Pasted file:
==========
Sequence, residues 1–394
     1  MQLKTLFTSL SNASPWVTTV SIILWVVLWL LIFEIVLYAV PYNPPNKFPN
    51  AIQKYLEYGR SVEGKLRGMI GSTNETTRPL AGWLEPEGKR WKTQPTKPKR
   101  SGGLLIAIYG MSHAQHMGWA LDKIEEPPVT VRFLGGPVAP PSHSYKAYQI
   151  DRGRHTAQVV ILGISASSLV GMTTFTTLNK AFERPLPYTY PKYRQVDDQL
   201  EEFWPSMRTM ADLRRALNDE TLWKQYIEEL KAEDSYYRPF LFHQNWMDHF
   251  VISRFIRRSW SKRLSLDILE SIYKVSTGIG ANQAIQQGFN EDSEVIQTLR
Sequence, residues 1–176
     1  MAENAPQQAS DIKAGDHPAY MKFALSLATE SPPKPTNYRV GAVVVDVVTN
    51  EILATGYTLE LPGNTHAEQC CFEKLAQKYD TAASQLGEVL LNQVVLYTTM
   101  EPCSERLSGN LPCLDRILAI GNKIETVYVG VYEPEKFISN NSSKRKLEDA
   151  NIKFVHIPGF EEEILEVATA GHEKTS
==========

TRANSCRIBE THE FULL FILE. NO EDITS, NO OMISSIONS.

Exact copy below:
Sequence, residues 1–394
     1  MQLKTLFTSL SNASPWVTTV SIILWVVLWL LIFEIVLYAV PYNPPNKFPN
    51  AIQKYLEYGR SVEGKLRGMI GSTNETTRPL AGWLEPEGKR WKTQPTKPKR
   101  SGGLLIAIYG MSHAQHMGWA LDKIEEPPVT VRFLGGPVAP PSHSYKAYQI
   151  DRGRHTAQVV ILGISASSLV GMTTFTTLNK AFERPLPYTY PKYRQVDDQL
   201  EEFWPSMRTM ADLRRALNDE TLWKQYIEEL KAEDSYYRPF LFHQNWMDHF
   251  VISRFIRRSW SKRLSLDILE SIYKVSTGIG ANQAIQQGFN EDSEVIQTLR
Sequence, residues 1–176
     1  MAENAPQQAS DIKAGDHPAY MKFALSLATE SPPKPTNYRV GAVVVDVVTN
    51  EILATGYTLE LPGNTHAEQC CFEKLAQKYD TAASQLGEVL LNQVVLYTTM
   101  EPCSERLSGN LPCLDRILAI GNKIETVYVG VYEPEKFISN NSSKRKLEDA
   151  NIKFVHIPGF EEEILEVATA GHEKTS